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  1. #1
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    HIV-Related Virus Strain Found in Illegally Imported Meat


    APRIL 14, 2010

    Bushmeat Presents Latest Food Scare

    Researchers Find Strains of a Virus Related to HIV in Illegal Imports of Primate Flesh, a Delicacy to Some Africans

    Researchers testing bushmeat smuggled into the U.S. have found strains of a virus in the same family as HIV, according to preliminary findings to be released Wednesday.

    For years, authorities have tried to crack down on the smuggling of meat from certain animals, such as bats, monkeys and rodents, which some people consider a food delicacy.

    In 2008, the Wildlife Conservation Society, a nonprofit which runs many of New York City's zoos, and the Centers for Disease Control and Prevention joined forces to test illegally imported meat entering the New York City area from West Africa for dangerous diseases such as monkey pox, the virus that causes SARS and retroviruses such as HIV.

    Preliminary findings will be presented at Rockefeller University in New York on Wednesday.

    Scientists found two strains of simian foamy virus, commonly found in nonhuman primates, from three species—two mangabeys and a chimpanzee—in bushmeat.

    Bushmeat Scare

    Preliminary findings of tests on illegally imported meat entering the New York City area from West Africa for dangerous diseases such as monkey pox, the virus that causes SARS and retroviruses such as HIV, will be presented at Rockefeller University in New York on Wednesday

    The virus can infect humans but hasn't been conclusively linked to known diseases. However, the related simian immunodeficiency virus has been found in bushmeat tested outside of the country and is considered responsible for the first cases of HIV by scientists.

    Bushmeat, often cured or smoked, has entered the U.S. through the mail and in shipping containers.

    Smugglers also resort to packing smoked monkey or cane rat in personal suitcases. A fraction of the bushmeat coming into the New York City area is seized at the border by the U.S. Fish and Wildlife Service and hundreds of samples from at least 14 species have been sent to be studied.

    "We get these big boxes of meat," said Kristine Smith, a wildlife veterinarian who is conducting the study for the Wildlife Conservation Society. "Sometimes you see primate heads or hands in there."

    Estimates on the size of the bushmeat trade vary wildly. The Fish and Wildlife Service and Custom's and Border Protection keep statistics on illegal meat entering the country but do not break it down into a bushmeat category.

    "We don't have any evidence to suggest that the U.S., in terms of volume, is a large market based on our seizures," said Sandra Cleva, spokesperson for Fish and Wildlife Service's law enforcement. "From a health perspective, it's always a concern."

    The meat is highly valued in some immigrant communities, notably among West Africans, said Richard Ruggiero, who works on international bushmeat issues for the Fish and Wildlife Service.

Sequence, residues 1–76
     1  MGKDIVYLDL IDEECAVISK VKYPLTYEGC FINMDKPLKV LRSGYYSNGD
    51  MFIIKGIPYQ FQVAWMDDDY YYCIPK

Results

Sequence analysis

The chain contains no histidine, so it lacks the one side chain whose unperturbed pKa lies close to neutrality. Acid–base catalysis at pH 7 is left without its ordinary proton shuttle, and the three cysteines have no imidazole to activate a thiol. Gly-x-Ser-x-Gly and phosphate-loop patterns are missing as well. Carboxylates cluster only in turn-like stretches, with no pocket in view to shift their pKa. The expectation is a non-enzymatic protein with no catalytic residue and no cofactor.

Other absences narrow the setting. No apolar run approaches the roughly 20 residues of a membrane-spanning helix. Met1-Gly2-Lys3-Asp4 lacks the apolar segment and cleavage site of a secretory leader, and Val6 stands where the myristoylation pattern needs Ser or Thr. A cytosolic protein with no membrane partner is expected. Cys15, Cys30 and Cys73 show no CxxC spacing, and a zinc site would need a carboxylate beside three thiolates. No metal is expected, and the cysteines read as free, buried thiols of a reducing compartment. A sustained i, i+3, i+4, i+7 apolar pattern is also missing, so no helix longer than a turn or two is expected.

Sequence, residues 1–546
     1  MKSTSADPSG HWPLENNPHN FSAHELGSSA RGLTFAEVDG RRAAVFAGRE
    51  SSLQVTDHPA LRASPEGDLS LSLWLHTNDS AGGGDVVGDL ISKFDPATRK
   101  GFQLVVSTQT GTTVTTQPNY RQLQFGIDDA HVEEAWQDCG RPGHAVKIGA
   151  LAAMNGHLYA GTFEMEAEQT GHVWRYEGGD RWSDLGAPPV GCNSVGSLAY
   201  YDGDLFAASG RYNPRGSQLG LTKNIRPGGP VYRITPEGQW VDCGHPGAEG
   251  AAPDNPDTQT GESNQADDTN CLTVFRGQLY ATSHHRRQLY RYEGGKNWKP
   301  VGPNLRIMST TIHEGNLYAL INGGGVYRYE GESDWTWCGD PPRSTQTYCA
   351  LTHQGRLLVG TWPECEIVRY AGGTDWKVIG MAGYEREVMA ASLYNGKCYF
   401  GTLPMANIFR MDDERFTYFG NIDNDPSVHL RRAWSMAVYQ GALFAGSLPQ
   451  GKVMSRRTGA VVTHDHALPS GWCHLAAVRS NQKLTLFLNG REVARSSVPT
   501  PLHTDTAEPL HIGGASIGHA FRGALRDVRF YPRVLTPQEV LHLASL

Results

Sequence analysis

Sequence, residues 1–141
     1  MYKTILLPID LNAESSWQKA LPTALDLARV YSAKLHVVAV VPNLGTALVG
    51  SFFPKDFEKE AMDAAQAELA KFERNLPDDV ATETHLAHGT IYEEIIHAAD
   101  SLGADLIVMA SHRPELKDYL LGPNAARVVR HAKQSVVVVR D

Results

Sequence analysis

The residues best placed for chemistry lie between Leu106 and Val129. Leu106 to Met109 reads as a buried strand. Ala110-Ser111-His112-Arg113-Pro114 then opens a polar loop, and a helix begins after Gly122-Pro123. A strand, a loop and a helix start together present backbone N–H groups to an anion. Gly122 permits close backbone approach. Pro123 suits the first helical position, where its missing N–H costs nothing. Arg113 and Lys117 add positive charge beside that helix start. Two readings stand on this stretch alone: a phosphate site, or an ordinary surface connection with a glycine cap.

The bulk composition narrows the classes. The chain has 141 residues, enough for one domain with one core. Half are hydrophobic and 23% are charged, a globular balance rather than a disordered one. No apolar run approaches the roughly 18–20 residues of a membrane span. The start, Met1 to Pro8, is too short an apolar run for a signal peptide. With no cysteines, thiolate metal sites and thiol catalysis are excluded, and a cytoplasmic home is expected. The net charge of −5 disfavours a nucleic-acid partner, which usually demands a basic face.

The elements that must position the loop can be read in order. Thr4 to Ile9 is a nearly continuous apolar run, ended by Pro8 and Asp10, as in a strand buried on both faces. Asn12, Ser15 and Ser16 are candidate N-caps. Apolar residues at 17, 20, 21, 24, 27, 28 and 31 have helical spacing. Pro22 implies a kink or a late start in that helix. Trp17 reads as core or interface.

It is like "any other illegal commodity," Mr. Ruggiero said. "It's a clandestine industry. They sell it in clandestine networks." He added that many of the smuggled meats are from endangered species.

    "In Africa today, many wildlife populations are being eaten to extinction," Mr. Ruggiero said. "The greatest impact to wildlife populations in Africa is the bushmeat trade."

    Rodents and bats are being eaten because many of the larger species have already been killed off. Local markets for meat can sometimes be sustainable but even national markets in African countries can have dire affects on wildlife.

    He added, "In former times, people would hunt around their village and consume most of the bushmeat or sell it to neighbors. In today's world, we have transportation in and out of previously impenetrable forests."

    Fines for importing bushmeat are low and there have been few prosecutions for selling it. In December, Mamie Manneh, a Liberian immigrant who lives on Staten Island, was sentenced to probation by a New York federal court for smuggling and selling monkey meat.

    The danger to Americans lies in the possibility of a disease entering through smuggled animals and meat such as a monkey pox outbreak in 2003 that the Center for Disease Control traced to African rodents.

    Scientists from the CDC said there are many cases of diseases transmitted through handling meat. Cooking meat kills many food borne pathogens such as salmonella, though some diseases carried by animals are not killed in the cooking process.

    "We do know that looking at products at the airports there is no quality control on bushmeat," said Nina Marano, a scientist at the CDC.

    "People will claim it's smoked or it's dried but we have pulled samples out of packages with meat on the bone, juice in the bag, still bloody." ... 98780.html
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  2. #2
    Senior Member florgal's Avatar
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    Feb 2007
    North Carolina

  3. #3
    Senior Member judyweller's Avatar
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    May 2008
    Maryland, Alleghany County
    What do you expect when we let immigrants, illegal aliens, and refugees from Africa where they eat that stuff live in our country?

  4. #4
    Super Moderator Newmexican's Avatar
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    May 2005
    Heart of Dixie
    HUGE cultural disconnect.
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